Interchange of knowledge and seeds in Tlaxcala, Mexico: Sowing Community

October 2018 

For two days representatives of the Nahuatl, Otomi, Nuu Savi, Maya, Keri and Purhepecha Indigenous Nations gathered to share their wisdom and sacred instructions about the time of planting, based on the principle of sharing. Sharing their seeds, knowledge and all tasks related to cultivating, harvesting and preparing foods; strengthening the good relationship with Mother Earth, food sovereignty and well being.

For Indigenous peoples, one of the sacred instructions about the time of planting is to share. The origin of this is found perhaps in the actual origin of agriculture, and in the sharing of work among the whole community.

Cultivating the earth and planting seeds in the soil has led to a long history of “sowing community” among indigenous peoples, weaving bonds of identity around the vital need to feed ourselves. Not only to nourish our bodies, but to connect with the spirit of the seeds, of the water, and the air, which make it possible for our Mother Earth to provide us with sustenance.

With this sacred understanding, we organized and held this gathering, an exchange of seeds and knowledge: “Sowing Community” on the 13th and 14th of October 2018.

Participants included representatives of the Nahuatl people of the State of Mexico, Veracrúz, Puebla, San Luis Potosí and Tlaxcala; Otomies of the State of Mexico; Ñúu Savis from Oaxaca and Mayas from Campeche. We participated in a ceremony where Fire and Corn came together under the sound of the drum and aroma of coconut from the Keris of the Purhépecha People of Michoacán. Offering corn pinole we maintained our thoughts, words and actions with the same creative energy, with the same purpose: To light our spirits.

Ancient knowledge reminds us that before the word of humans, there was the word of Fire. And in the presence of the Fire we are responsible for what we speak. The Fire listens to us and collects all that information to share it.

In this respect offerings are made to fire honoring this legacy of knowledge, offering the fire to eat his logs of wood, corn tortillas, cup and songs to the spirit.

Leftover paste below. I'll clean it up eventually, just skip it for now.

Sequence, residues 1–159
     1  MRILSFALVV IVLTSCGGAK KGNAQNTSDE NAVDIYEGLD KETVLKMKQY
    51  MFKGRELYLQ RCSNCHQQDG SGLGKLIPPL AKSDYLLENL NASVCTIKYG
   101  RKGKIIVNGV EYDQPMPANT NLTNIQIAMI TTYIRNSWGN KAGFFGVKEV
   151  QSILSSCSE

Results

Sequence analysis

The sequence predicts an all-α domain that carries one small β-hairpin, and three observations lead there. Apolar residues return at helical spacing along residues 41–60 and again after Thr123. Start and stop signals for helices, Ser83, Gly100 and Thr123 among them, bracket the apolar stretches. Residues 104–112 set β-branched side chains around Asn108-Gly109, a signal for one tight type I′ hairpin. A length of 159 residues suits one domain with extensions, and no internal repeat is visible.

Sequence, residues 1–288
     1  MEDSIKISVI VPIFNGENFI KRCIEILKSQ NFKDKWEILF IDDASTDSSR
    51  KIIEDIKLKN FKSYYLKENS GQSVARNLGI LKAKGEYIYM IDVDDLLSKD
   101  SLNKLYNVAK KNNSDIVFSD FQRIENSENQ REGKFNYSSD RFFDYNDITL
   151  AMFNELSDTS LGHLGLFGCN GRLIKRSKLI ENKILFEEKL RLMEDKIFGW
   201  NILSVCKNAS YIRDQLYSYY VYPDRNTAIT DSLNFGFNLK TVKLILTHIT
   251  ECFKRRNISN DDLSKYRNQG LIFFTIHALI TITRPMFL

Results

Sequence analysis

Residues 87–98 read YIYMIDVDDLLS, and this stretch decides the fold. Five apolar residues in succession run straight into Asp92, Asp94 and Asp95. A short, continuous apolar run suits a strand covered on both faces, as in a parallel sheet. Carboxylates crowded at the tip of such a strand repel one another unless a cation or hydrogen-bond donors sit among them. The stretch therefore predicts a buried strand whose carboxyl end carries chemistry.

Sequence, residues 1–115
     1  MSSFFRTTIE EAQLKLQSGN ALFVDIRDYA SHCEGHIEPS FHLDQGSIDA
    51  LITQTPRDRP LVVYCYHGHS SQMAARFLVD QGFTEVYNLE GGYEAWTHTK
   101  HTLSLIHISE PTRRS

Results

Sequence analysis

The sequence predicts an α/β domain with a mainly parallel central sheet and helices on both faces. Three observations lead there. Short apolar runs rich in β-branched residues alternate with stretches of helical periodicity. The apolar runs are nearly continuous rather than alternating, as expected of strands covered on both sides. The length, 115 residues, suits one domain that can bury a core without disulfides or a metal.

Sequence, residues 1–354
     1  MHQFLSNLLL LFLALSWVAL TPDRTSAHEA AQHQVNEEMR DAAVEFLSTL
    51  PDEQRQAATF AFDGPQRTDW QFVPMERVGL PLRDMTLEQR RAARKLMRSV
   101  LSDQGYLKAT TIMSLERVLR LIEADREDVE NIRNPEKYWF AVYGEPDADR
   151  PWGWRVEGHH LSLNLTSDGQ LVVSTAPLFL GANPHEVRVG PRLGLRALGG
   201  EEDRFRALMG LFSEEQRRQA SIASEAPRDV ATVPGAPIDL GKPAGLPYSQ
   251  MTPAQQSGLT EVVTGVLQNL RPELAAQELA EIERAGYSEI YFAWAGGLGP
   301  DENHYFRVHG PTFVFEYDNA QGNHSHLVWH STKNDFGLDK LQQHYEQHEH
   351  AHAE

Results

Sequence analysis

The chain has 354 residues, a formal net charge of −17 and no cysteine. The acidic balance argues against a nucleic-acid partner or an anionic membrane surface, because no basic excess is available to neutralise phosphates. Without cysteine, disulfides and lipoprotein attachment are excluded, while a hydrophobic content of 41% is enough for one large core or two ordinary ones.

With the beat of the drums and the glow of Fire in our hearts we began the journey of learning through the plots of the community of Vicente Guerrero, Tlaxcala, admiring how every meter of soil in the Milpa was covered with different crops: tomato, squash, maguey and fruit trees guarding the terraces. Such abundance of food made the experience very hopeful.

There is a story that before the arrival of agroecology to the community, the children were malnourished and in the homes of the people there was no food— as even today is the situation for some of our people.

Instructions were shared about the selection of the seed from the plot— one must take good care of the earliest elotes (cobs of corn) that are more resistant to pests and diseases, coming from the plants with better flowering. This selection will help shorten the cycle of corn cultivation in the face of climate change to have more resistant seeds.

Participants also shared knowledge about the different moon cycles that provide the best situation for sowing, harvesting and for the work of cultivation. We learned about how to prevent soil erosion through terracing systems and how to prepare organic fertilizers to nourish not only the corn that we will then eat but the whole Mother Earth.

United like grains of maize in a cob, this gathering created strong ties and deep knowledge, which are seeds we now will sow in our own communities, watching the cycle pass as we wait for the next year to continue sharing seeds and knowledge.

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